As a field, therefore, no two classes will be exactly the same. That is OK because it is the essence of human endeavors and maybe the promise of creating future artists. At the same time, what is our responsibility to preparing students in our class for future classes? As an educator, working in the San Francisco Bay Area for more than 30 years, I’ve witnessed hundreds of debates about what should be taught—often, unfortunately, through disparaging comments about the choices our earnest teachers and colleagues have made. This is because we have been naïve in our understanding of what it takes to teach—we believe that there is a best way. Instead, by seeing it as a series of choices, and making those choices transparent, our students can be the deciders of their own educational fate.
Many popular and applied ideas about teaching indicate unexamined assumptions about how people learn. Despite more than 50 years of research evidence about learning, verifying that students must construct their own knowledge and assimilate new experiences in ways that make sense to them, many still believe that a teacher can make a student learn something. This implies a view that learning is uni-directional; that teachers hold knowledge and transmit it to students who then consume it. Educational philosophers from John Dewey to Paolo Freire and their progenies discuss the problems with viewing teaching and learning as a linear transmission of selected content, yet our belief systems hold firm. And these beliefs are embedded in power dynamics. We, as artists who teach, have an opportunity to shift power, by examining and challenging the underlying assumptions that influence our approach to teaching and learning dance. It is now commonly held that the learner plays a key role in the process. In education and business circles, a great deal of energy is put toward “engagement”—how do we “get” students or employees to engage. Yet, again, back to the triangle—students learn in active relationships to teacher, peers and content.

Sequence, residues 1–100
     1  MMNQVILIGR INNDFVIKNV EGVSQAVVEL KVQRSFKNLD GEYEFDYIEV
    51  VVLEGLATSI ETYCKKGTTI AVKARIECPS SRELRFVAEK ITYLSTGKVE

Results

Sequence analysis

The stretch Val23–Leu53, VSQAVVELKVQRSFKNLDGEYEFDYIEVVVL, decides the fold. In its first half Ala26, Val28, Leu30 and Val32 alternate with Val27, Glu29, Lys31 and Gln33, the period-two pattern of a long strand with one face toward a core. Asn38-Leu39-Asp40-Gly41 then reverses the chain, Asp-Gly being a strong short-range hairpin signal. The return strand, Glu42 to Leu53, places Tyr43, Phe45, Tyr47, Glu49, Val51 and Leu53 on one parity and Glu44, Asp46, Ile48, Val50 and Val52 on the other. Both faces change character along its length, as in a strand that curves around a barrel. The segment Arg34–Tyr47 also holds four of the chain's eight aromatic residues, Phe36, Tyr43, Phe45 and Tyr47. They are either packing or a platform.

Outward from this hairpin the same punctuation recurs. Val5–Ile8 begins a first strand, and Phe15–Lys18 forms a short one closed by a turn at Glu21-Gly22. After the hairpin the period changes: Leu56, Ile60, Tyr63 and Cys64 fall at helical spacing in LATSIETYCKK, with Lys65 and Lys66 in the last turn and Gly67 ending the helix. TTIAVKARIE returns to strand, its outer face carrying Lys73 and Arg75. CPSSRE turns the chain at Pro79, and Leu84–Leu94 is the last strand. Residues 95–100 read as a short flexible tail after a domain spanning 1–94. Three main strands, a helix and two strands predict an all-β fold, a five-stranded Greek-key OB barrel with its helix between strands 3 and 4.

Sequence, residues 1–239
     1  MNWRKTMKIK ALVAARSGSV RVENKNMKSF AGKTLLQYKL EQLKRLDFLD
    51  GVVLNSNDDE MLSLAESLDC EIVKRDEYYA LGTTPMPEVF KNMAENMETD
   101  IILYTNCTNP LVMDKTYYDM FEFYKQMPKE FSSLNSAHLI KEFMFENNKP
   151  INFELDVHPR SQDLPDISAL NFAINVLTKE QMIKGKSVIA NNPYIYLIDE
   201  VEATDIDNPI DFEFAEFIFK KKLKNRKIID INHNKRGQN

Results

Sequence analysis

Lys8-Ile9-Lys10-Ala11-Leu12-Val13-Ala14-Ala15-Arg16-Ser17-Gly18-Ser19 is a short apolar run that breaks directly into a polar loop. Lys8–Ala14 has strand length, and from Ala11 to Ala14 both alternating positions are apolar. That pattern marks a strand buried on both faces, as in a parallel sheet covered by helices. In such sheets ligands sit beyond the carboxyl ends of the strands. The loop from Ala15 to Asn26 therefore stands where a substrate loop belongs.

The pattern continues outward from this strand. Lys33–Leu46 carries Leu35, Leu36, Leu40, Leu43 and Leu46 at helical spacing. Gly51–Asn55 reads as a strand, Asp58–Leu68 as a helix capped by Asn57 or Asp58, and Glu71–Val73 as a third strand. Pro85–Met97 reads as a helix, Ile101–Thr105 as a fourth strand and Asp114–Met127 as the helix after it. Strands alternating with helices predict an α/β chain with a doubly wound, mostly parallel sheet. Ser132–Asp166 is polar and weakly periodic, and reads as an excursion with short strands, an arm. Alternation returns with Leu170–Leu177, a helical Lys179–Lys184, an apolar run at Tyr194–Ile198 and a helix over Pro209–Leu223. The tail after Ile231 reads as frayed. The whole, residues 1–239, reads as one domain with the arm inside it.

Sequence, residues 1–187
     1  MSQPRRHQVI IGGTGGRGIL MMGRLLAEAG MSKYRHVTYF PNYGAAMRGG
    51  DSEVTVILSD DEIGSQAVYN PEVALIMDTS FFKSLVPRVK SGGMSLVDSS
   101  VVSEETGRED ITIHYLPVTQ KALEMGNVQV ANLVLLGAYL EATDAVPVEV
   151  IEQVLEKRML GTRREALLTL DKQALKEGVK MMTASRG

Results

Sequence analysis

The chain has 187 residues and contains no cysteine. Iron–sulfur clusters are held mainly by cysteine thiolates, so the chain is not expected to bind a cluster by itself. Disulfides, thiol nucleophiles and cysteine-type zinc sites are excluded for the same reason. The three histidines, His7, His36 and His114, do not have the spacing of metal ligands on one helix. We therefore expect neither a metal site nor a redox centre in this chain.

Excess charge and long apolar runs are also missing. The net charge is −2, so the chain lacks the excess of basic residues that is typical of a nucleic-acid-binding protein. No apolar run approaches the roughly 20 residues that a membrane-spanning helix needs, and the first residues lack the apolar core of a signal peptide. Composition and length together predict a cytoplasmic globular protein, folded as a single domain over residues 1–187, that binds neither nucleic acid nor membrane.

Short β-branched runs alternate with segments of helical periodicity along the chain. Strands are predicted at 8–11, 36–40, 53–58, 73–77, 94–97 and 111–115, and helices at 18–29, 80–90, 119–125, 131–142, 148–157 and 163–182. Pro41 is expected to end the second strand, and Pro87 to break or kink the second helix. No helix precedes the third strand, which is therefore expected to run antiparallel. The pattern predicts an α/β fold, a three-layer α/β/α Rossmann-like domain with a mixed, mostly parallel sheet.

As students of dance ourselves, we know that until we experience something, we don’t know it. The teacher brings to the curriculum a lifetime of experience and knowledge and try as she may—through stories, lecture, demonstration, admonitions, praise, encouragement—it isn’t until we practice in our own bodies that we truly understand. That “aha” moment seems to come by surprise. Yet, it is actually the result of a dynamic relationship between the content (our bodies in space and time), the teacher (trusting her enough to participate in the experiences she provides) and our learner selves (being ready to receive either due to developmental maturity, emotional readiness or will). In essence, each of us constructs our own knowledge. However, we can’t do it by ourselves—we still need the triangle.
We need the experiences of peers, the narrative of our art form, thoughtful presentations of practices by our teacher because we, as humans, are social creatures. The “aha” moment and the act of transformation may occur in private studio moments; moments, sprung from a lifetime of encounters of ourselves with intimates, adversaries and forebearers.